A very powerful final line from Noah, but in the end I think a little confused. For example, consider what would be examples of regimes that have remade the world so we fight less over scraps. Genghis had some contemporaries in the Romans and Chinese, no? But how did they achieve this but by fighting over and distributing scraps in a more effective and stable manner?

Genghis's zero-sum game was the right game, because he was born outside of a world in which there were any other opportunities. He was not born a Roman patrician or a Chinese noble which might afford a life of not fighting over scraps. In the end, the creation of a world in which anyone or even everyone need not fight over scraps demands, seemingly paradoxically, a fight over scraps to grab the necessary power.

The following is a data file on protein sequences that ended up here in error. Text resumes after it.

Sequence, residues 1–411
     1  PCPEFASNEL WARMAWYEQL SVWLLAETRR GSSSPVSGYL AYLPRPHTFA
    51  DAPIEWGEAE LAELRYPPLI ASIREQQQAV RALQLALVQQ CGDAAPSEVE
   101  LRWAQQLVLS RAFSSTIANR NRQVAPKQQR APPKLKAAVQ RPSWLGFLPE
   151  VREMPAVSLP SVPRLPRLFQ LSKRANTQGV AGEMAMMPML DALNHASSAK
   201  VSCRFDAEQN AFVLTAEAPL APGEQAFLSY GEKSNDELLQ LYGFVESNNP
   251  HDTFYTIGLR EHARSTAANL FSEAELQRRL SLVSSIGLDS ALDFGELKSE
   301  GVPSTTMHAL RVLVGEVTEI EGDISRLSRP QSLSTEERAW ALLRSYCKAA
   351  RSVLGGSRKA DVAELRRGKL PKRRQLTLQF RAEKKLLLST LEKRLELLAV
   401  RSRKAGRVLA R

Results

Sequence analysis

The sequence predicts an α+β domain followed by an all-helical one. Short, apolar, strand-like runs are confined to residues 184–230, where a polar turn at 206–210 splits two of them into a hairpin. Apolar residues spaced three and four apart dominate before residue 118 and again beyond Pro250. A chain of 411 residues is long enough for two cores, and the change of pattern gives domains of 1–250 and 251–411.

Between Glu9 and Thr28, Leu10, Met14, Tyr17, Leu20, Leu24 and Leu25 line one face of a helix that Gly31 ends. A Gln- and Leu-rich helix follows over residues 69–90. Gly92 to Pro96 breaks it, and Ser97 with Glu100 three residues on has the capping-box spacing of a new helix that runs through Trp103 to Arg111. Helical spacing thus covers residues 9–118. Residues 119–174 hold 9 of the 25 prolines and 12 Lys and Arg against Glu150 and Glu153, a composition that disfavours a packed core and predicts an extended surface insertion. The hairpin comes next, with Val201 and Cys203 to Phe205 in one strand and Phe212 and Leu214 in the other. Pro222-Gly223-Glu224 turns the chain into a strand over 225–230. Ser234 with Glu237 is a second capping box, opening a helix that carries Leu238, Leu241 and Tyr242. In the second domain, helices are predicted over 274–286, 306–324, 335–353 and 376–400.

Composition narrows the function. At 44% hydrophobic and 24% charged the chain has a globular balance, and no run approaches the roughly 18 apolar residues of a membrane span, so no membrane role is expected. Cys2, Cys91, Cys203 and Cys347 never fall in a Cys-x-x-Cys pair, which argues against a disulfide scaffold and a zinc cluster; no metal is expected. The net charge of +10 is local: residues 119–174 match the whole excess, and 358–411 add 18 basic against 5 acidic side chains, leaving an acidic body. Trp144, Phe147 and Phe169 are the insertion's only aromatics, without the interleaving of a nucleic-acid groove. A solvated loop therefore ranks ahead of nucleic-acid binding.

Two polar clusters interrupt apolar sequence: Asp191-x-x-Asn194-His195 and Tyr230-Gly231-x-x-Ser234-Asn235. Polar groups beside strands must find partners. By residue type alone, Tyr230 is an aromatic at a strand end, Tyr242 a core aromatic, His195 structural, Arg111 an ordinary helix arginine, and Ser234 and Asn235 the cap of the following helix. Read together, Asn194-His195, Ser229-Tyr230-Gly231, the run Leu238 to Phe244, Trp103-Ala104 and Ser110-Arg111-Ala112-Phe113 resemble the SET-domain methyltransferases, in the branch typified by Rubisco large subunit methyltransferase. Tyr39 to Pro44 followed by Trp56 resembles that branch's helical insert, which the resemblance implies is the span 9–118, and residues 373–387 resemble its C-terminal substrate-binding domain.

Plenty of interesting political theory which flows from this, but it's especially applicable to our present situation with Russia. The EU exemplifies Noah's liberalist attitude, abstaining from fights over scraps, and yet Russia the outsider feels no entitlement to such a life, sees that it must fight over scraps if it wants to reinvent the world, as Noah says.

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Apr 1, 2022Liked by Rohit Krishnan

This was great. Thanks Rohit.

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Feb 23, 2022Liked by Rohit Krishnan

The U.S. should only copy Japan's city design and housing policies if it also wants to copy their birthrate and demographic collapse. Kids need space.

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